Household Budgets Control Group Expenditure Not Personal Expenditure

Household budgets are strictly for things that are to benefit all household members. Your daily stop at Starbucks would not be part of the household budget but would be part of your personal one. When you have items that could be either household or personal, such as transportation or insurance, you need to ask who benefits from the expenditure?

Is the car something that everyone shares or does one member of the household use the car and others rely on public transportation? In the first case, the transportation and related car expenses would be considered household expenses. In the second case, the car owner/driver would include all expenses related to the car in their personal budget, even if they gave an occasional ride to other household members.

Insurance, particularly life and health insurance, is another item that you need to examine before deciding in which type of budget it should be included. If the household consists of a couple and their children, then insurance plans are most likely meant to cover everyone and should be included in the household budget. In the above case of four unrelated adults, both types of insurance are likely to only be for one individual. In that case, the insurance would be a personal budget item.


Individual Responsibility vs Collective Responsibility

Another way to look at the differences between the two kinds of budgets is to look at responsibility. Are you the only one responsible for an expense? If so, then that falls under personal budgeting, If someone else shares the responsibility, then it is a household budget that comes into play. Basing things on responsibility can make things a little trickier until you sit down and define responsibility and agree on who is responsible for what.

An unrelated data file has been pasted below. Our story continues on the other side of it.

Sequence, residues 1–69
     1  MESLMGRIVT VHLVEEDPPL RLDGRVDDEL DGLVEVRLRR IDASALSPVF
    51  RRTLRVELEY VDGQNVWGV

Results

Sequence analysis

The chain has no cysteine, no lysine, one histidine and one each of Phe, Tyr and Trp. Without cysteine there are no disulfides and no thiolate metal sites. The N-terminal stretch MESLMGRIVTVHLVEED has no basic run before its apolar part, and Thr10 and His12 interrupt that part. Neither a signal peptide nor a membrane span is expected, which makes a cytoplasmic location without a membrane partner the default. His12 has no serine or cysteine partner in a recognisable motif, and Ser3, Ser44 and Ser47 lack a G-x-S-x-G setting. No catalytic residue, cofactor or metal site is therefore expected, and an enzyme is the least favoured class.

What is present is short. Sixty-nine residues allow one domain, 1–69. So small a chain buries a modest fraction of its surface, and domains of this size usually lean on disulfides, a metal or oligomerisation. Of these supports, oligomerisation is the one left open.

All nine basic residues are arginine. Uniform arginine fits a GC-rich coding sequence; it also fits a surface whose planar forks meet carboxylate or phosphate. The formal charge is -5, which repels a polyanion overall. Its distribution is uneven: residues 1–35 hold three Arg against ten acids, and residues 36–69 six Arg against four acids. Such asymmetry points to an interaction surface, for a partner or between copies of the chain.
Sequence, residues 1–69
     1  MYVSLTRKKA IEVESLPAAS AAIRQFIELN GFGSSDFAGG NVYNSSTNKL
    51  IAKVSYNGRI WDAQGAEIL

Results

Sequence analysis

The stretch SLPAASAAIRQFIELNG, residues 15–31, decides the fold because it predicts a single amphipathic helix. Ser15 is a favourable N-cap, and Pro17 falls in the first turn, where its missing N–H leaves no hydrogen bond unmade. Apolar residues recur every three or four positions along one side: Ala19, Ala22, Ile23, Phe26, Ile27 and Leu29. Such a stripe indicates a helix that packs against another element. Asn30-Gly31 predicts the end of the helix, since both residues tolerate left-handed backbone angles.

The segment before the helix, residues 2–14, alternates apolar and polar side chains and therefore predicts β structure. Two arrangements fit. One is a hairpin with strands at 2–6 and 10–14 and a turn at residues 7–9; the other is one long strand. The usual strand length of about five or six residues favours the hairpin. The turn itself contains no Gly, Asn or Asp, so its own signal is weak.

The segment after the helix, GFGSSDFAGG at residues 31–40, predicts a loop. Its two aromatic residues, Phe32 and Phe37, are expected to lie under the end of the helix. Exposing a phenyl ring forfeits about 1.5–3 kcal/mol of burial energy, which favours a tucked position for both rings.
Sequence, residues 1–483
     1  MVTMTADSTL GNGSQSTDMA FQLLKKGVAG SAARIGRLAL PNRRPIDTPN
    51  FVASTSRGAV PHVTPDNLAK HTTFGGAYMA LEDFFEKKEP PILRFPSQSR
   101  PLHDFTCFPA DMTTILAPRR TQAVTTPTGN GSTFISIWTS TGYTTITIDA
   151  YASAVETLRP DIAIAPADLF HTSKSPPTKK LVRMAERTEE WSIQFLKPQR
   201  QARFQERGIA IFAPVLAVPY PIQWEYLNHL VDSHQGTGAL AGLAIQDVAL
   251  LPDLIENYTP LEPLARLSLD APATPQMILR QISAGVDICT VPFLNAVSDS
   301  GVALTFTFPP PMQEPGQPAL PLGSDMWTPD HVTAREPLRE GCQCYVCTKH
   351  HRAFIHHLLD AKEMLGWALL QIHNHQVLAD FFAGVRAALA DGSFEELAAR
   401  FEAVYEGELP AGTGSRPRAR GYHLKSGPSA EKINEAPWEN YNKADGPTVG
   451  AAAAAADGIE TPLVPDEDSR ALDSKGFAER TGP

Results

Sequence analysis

In a single person household or one-income family household, the responsibility is fairly defined. When there are two incomes in a family household, maybe one partner’s income is determined by both to be excluded for one reason or another. In a household with unrelated adults, the responsibilities may not be such that all household expenses are evenly divided. In this case it may be necessary to modify what goes on the household budget and what goes on personal budgets. Let’s look at two examples.

A: Three people share a household. Each has an income. Individual 1 lived there first and is purchasing the home. They agree that the others live there but Individual 1 alone will take care of the mortgage and property taxes. Individual 2 is responsible for electric and internet service, and Individual 3 is responsible for heating. In this case, the household budget becomes split and the items are part of individual budgets. Yes, they benefit every household member, but not every member is responsible for a portion of every bill.

B: The same three people share the household but Individuals 2 and 3 pay a flat fee of $300 a month to Individual 1. This covers room and board. In this case, the responsibility for the household budget is entirely on Individual 1, and the amount paid by the other two people is added to this person’s income. The two other individuals each put their $300 dollars in a personal budget.


Individual Goals vs Group Goals

An excellent way to determine whether expenses such as savings, debt reduction or giving should be on the household budget or the family one is to figure out whether the money is to take care of a personal goal or if it is to be a household goal. Two people may get married and each have child support payments for a previous relationship. They need to decide whether to combine these payments and consider it a household expense that both contribute to equally or if they will each keep their own responsibility and make the payments separate, making them personal budget items. On the other hand, the entire household wants to spend a week next summer at a beach house. In this case, any money saved for this vacation week would be part of the household budget.


In Conclusion

Most people can benefit from both a household budget and a personal one. The items that go in each budget are largely determined by who is responsible for the expense and who the item benefits. Everyone involved in a household budget needs to be in agreement or the budget will not be successful. Both types of budgets often overlap but in most cases, the personal budget is an item like savings or personal expenses that is included in the household budgets. The two can normally only be completely combined when one individual is the sole household member or there is only one adult responsible for running a household.